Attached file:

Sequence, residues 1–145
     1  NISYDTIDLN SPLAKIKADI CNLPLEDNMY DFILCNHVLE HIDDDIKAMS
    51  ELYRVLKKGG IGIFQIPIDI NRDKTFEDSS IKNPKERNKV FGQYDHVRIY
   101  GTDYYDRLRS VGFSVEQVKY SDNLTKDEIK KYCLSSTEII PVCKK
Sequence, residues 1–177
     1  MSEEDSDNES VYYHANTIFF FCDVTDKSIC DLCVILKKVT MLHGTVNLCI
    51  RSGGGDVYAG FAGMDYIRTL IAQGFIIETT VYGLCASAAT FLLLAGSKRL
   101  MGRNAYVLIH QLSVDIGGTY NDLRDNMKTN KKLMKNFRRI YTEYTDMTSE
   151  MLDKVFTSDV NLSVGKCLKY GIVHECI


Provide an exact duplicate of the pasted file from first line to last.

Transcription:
Sequence, residues 1–145
     1  NISYDTIDLN SPLAKIKADI CNLPLEDNMY DFILCNHVLE HIDDDIKAMS
    51  ELYRVLKKGG IGIFQIPIDI NRDKTFEDSS IKNPKERNKV FGQYDHVRIY
   101  GTDYYDRLRS VGFSVEQVKY SDNLTKDEIK KYCLSSTEII PVCKK
Sequence, residues 1–177
     1  MSEEDSDNES VYYHANTIFF FCDVTDKSIC DLCVILKKVT MLHGTVNLCI
    51  RSGGGDVYAG FAGMDYIRTL IAQGFIIETT VYGLCASAAT FLLLAGSKRL
   101  MGRNAYVLIH QLSVDIGGTY NDLRDNMKTN KKLMKNFRRI YTEYTDMTSE
   151  MLDKVFTSDV NLSVGKCLKY GIVHECI